Please use this identifier to cite or link to this item: http://hdl.handle.net/11434/631
Title: Relationship between psychiatric disorders and 1-year psychosocial outcome following traumatic brain injury.
Epworth Authors: Ponsford, Jennie
Johnston, Lisa
Gould, Kate
Schönberger, Michael
Keywords: Mental Disorders
Psychiatric Disorders
DSM-IV-TR
Brain Injuries
Traumatic Brain Injury
TBI
Psychosocial Function
Hospital Anxiety and Depression Scale
Sydney Psychosocial Reintegration Scale
Glasgow Outcome Scale--Extended
Trauma Severity Indices
Monash-Epworth Rehabilitation Research Centre, Richmond, Victoria, Australia.
Issue Date: Jan-2011
Publisher: Wolters Kluwer
Citation: J Head Trauma Rehabil. 2011 Jan-Feb;26(1):79-89
Abstract: OBJECTIVE: To investigate the relationship of psychiatric functioning with psychosocial functioning at 1 year following traumatic brain injury (TBI), after controlling for relevant demographic, injury-related, and concurrent factors. DESIGN: Prospective 1-year longitudinal study. PARTICIPANTS: Participants were 122 individuals with TBI and 88 proxy informants. SETTING: Rehabilitation hospital. MAIN MEASURES: The Structured Clinical Interview for DSM-IV-TR (Diagnostic and Statistical Manual of Mental Disorders (Fourth Edition, Text Revision)) Axis I Disorders, Hospital Anxiety and Depression Scale, Sydney Psychosocial Reintegration Scale, and Glasgow Outcome Scale--Extended. RESULTS: At 1 year postinjury, occupational activities were the area of most change after TBI followed by interpersonal relationships and independent living skills, according to the Sydney Psychosocial Reintegration Scale. The majority of participants were rated as having moderate disability on the Glasgow Outcome Scale--Extended. After controlling for relevant background factors, preinjury, acute postinjury, and concurrent psychiatric disorders were significantly related to 1-year psychosocial outcome. CONCLUSION: Screening in the acute postinjury stage for presence of preinjury psychiatric history or current distress may help identify individuals who require more intensive rehabilitation and psychiatric support and more active postdischarge monitoring. Further research exploring potential causal mechanisms for these findings is required.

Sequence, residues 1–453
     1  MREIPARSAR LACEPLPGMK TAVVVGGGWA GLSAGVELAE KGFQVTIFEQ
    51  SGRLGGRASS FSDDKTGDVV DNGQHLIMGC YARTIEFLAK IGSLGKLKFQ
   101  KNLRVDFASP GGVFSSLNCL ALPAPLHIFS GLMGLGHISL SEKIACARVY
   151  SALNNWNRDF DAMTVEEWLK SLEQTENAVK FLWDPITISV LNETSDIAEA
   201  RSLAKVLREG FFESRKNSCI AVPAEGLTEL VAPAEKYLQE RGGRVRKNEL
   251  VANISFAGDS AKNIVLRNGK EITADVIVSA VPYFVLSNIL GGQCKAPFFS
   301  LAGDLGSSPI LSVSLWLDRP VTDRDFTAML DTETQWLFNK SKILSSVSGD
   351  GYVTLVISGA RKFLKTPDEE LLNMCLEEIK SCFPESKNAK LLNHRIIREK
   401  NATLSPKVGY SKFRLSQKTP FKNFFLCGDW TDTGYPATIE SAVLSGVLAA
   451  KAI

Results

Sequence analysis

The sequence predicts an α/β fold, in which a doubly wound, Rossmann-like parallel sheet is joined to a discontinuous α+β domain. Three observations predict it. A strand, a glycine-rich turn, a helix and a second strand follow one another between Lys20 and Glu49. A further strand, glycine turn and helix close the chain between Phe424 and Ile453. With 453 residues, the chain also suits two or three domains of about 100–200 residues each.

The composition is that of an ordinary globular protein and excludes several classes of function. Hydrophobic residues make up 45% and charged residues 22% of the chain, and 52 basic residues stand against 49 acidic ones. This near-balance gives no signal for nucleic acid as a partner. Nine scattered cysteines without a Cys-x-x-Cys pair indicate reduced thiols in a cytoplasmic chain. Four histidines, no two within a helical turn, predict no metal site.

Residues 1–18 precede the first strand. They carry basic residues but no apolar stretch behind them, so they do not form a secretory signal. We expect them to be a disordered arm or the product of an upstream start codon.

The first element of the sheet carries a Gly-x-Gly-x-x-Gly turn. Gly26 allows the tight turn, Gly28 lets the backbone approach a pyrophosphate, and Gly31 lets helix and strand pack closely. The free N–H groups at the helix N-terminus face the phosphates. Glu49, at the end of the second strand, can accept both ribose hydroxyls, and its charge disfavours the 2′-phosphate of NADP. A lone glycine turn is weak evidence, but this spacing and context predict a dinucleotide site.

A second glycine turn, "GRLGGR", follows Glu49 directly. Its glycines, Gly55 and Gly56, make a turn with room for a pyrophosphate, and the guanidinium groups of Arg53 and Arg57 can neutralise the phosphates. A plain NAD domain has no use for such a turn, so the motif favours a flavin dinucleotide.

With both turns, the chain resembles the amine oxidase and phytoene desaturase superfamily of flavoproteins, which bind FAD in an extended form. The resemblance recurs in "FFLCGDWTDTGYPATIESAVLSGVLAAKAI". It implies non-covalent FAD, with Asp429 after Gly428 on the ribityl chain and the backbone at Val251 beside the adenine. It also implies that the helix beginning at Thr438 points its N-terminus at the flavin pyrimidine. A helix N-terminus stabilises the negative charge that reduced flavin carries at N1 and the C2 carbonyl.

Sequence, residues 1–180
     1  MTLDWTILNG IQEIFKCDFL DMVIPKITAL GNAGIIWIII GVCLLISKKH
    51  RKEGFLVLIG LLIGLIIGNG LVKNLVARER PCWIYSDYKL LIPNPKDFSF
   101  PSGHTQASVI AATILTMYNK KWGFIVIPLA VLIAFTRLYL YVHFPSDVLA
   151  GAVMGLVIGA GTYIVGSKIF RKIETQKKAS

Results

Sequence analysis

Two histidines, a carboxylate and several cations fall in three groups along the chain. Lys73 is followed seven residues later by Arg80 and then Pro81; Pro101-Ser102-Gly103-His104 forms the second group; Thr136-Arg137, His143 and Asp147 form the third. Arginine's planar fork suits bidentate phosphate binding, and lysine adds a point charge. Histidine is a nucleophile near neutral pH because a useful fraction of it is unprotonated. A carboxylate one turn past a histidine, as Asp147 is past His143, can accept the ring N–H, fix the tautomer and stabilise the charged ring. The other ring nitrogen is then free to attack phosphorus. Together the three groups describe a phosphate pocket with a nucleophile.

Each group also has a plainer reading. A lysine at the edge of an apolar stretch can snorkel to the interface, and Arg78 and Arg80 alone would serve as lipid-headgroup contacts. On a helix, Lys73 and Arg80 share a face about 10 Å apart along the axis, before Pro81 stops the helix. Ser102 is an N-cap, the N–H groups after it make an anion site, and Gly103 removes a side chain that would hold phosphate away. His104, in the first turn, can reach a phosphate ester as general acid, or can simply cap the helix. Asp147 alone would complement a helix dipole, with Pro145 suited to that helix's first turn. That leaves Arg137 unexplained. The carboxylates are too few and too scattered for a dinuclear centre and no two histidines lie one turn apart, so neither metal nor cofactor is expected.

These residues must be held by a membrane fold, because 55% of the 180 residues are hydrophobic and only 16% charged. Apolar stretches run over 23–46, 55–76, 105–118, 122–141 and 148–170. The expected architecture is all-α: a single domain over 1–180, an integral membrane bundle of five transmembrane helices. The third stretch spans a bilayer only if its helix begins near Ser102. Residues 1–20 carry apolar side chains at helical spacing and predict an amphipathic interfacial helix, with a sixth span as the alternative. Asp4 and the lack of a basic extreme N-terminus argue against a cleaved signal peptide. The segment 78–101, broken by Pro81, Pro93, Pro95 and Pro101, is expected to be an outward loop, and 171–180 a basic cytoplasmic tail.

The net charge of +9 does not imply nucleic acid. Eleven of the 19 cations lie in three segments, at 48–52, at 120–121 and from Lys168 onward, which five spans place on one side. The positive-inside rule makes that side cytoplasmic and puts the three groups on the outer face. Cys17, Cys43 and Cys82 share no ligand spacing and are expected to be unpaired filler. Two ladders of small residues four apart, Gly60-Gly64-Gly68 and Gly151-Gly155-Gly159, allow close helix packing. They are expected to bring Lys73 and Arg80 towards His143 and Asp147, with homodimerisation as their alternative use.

URI: http://hdl.handle.net/11434/631
DOI: 10.1097/HTR.0b013e3182036799
PubMed URL: http://www.ncbi.nlm.nih.gov/pubmed/21209565
ISSN: 0885-9701
1550-509X
Journal Title: The Journal of Head Trauma Rehabilitation
Type: Journal Article
Affiliated Organisations: School of Psychology and Psychiatry, Monash University, Melbourne, Victoria, Australia
Type of Clinical Study or Trial: Prospective Study
Appears in Collections:Mental Health
Neurosciences
Rehabilitation

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